When Is a Reparation Not a Reparation?

By Peter Galli  |  Posted 2006-08-14 Print this article Print

Opinion: When is a reparation not a reparation? Apparently, when it's a "customer incentive" program.

Microsoft is doing its best to discredit a recent eWEEK story on the companys plans to make good on expectations by some of its Software Assurance licensees who felt cheated by Microsofts failure to deliver Vista and Office 2007 when promised. This is sad, given the fact that Microsoft is actually doing the right thing. One might think the company would prefer to take credit for taking responsibility for its own schedule slips and the customer expectations it set.
Instead, Microsoft has chosen to trot out Sunny Jensen Charlebois, the product manager for its worldwide licensing and pricing group, to anyone who will listen, so she can deny that any such thing is planned, and to reinforce the message they want heard, which is that Microsoft always offers programs to drive adoption when it rolls out a new Windows operating system.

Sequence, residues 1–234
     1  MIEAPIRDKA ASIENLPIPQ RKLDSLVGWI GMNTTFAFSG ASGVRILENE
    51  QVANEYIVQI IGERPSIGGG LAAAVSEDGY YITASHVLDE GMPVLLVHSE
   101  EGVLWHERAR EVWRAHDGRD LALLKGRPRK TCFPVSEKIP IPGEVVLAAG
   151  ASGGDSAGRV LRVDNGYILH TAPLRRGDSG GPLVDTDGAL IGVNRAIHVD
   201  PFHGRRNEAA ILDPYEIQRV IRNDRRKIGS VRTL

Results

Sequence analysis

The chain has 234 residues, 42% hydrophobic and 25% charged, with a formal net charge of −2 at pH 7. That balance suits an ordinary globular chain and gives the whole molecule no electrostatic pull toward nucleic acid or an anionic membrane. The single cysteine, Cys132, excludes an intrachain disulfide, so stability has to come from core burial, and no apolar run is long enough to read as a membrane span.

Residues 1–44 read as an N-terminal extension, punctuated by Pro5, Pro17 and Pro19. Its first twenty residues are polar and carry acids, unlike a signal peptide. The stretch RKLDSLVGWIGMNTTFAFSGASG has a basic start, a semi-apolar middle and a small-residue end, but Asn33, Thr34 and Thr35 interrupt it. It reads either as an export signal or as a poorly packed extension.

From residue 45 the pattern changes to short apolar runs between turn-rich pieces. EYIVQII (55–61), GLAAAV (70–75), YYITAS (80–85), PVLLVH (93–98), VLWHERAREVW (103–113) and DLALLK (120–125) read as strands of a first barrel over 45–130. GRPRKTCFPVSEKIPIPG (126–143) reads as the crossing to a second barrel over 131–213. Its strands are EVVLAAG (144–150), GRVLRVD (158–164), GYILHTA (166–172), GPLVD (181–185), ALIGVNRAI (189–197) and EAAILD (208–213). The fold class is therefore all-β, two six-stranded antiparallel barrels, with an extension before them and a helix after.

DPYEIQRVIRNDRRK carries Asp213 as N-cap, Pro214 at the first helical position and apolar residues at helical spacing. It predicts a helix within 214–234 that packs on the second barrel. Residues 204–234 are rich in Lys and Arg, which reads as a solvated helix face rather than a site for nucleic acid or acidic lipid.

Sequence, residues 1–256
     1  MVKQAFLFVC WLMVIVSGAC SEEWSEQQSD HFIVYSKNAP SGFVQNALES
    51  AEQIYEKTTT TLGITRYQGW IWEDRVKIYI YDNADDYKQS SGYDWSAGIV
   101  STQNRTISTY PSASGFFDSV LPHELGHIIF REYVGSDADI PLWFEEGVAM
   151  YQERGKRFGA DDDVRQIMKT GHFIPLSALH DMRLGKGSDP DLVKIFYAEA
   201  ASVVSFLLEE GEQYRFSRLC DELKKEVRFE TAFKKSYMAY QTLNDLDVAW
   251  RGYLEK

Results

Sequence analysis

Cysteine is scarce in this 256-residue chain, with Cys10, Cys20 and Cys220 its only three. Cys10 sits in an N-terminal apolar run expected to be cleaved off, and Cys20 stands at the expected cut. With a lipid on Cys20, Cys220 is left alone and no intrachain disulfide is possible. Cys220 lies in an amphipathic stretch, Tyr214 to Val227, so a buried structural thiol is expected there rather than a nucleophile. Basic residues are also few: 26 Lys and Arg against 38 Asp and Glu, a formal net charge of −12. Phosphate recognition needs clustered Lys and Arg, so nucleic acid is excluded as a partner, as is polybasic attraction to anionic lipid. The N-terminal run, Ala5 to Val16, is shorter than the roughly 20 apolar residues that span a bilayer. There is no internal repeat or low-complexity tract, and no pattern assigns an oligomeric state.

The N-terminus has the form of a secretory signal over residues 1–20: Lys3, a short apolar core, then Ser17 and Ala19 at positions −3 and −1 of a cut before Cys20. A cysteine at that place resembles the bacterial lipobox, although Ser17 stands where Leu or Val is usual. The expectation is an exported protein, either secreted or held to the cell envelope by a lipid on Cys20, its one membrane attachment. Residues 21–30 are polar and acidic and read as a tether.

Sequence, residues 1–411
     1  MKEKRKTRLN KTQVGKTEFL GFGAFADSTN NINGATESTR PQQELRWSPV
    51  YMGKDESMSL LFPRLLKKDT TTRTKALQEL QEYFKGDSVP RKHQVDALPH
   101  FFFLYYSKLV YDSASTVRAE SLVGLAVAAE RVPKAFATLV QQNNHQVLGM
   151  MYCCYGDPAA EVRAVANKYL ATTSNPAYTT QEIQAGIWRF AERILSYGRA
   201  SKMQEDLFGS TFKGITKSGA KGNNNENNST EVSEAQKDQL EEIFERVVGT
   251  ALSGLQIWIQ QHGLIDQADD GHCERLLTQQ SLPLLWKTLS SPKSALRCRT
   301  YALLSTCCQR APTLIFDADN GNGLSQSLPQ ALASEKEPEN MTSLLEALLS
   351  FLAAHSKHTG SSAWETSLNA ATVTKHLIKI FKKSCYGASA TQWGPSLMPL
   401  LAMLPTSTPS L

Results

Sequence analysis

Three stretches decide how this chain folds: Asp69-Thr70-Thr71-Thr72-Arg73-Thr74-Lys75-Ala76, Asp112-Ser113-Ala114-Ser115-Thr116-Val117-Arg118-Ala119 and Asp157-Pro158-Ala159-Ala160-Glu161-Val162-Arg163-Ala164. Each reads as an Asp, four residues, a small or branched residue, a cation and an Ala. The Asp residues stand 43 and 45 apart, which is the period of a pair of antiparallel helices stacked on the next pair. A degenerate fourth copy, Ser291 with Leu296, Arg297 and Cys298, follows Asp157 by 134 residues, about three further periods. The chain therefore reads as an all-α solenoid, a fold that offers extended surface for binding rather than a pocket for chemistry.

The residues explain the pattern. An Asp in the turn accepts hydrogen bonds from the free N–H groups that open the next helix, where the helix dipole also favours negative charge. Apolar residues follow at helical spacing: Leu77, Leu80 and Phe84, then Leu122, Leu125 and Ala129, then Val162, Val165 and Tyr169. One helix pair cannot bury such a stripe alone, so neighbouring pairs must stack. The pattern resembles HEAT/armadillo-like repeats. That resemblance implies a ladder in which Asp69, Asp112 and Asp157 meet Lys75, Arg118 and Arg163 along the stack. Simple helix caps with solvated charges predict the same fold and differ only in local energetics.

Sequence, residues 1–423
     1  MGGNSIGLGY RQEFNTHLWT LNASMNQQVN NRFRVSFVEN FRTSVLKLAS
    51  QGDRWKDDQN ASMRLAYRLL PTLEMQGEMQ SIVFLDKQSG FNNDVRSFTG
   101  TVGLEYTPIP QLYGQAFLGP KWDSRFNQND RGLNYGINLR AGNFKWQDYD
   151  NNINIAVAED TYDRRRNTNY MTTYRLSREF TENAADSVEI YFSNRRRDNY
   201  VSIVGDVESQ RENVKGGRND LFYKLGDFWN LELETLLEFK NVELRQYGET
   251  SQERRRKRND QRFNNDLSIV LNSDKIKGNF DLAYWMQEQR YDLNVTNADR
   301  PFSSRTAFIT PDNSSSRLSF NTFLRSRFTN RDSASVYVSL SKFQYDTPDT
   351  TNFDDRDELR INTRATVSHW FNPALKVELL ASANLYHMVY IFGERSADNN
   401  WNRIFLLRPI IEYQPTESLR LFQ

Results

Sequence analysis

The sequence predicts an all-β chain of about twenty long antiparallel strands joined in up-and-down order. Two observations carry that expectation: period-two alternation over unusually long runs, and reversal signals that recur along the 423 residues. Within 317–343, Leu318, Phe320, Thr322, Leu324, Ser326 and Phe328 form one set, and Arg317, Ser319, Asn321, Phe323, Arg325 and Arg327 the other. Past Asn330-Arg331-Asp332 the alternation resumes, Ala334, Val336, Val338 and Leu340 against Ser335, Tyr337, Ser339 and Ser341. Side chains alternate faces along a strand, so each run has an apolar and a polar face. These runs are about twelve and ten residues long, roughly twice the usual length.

Here are more details on exactly what Microsoft told us—based on a transcript of an interview with Allison Watson, the corporate vice president of Microsofts Worldwide Partner Group, which I recorded at the annual Microsoft worldwide partner conference in Boston in July. When asked how Microsoft planned to address the fact that the delay in releasing products like Vista and Office would significantly impact partners and their customers who have volume licensing agreements and Software Assurance, Watson said: "We have already identified all of the customers who fall into these buckets and associated partners. "And, starting two months ago, the worldwide field was empowered with offers and incentives and a commitment to partner and customer satisfaction around these issues," she said. Watson did, however, also try to downplay the effect of product delays on enterprise customers with volume licensing agreements, and the partners who work with them, saying that for them it is less about when a piece of software ships and more about how the software is delivered and supported and affects the entire product family and their platform. Microsoft recently started telling its hardware and software partners that its goal is to release Windows Vista and Office 2007 simultaneously in January. Click here to read more. She also argued that a delay could actually be a good thing for those ISVs and partners that work with Microsoft on the services side, but noted that "Im not trying to minimize the importance of it." We asked Microsoft for more details. A corporate spokesperson—after a weeks delay—had this to add: "I understand you were looking for more information last week re: any incentive/discount offering Microsoft is offering as a result of changes in the Windows Vista schedule. "What I can tell you at this point, is that we are working with our OEM partners on the best way to support customer satisfaction during the holiday buying season, but we have not yet finalized details and have no further details to share at this time." We went back to Watsons PR team and sought further clarification. A different spokesperson sent us this missive: "I reached across several groups to track this down and confirmed with Microsofts OEM team that there is in fact a customer incentive program for those affected by Vista delays, but it is being rolled out in the fall timeframe and is still under development. Click here to read more about why enterprises will look before they leap to Vista. "Allison [Watson] has insight into this program because it affects partners, but overall it has not yet been rolled out to the field. They are planning to make an announcement in the fall time frame," she said. An interesting blog by Gartner analyst Michael Silver notes that while Microsoft is denying plans for a widespread program to "make good," it is talking to customers on an individual basis about this. "I spoke with a client in this predicament recently. This client has tens of thousands of users and paid Microsoft millions of dollars for Office SA during the past three years. Understandably, this client is not happy. "Thus far, Microsoft is stonewalling the customers request to make good before discussing renewal … [Microsoft] says it is discussing the situation on a one-to-one basis, but thus far, our reports indicate that Microsoft will not discuss the issue unless it is in the context of a new renewal. Understandably, companies want satisfaction before they even think about renewing," Silver said in the blog. Microsoft may not want to call the pending programs/benefits "reparations"—especially given the fact (as noted by those scallywags at ValleyWag,)—that the connotations of reparations could lead one to equate Microsoft with Nazis. But it sure sounds like Microsoft is planning to institute some kind of program to address the concerns of customers who feel misled, in terms of Vista and Office expectations. Why is Microsoft denying that it is doing something positive for customers? Why not just spin something that started out as a disadvantage as proof that the company does take partner and customer concerns seriously, and that it is willing to act on them to ensure they are treated fairly? I know what my answer to that question is. Whats your take? Check out eWEEK.coms for Microsoft and Windows news, views and analysis.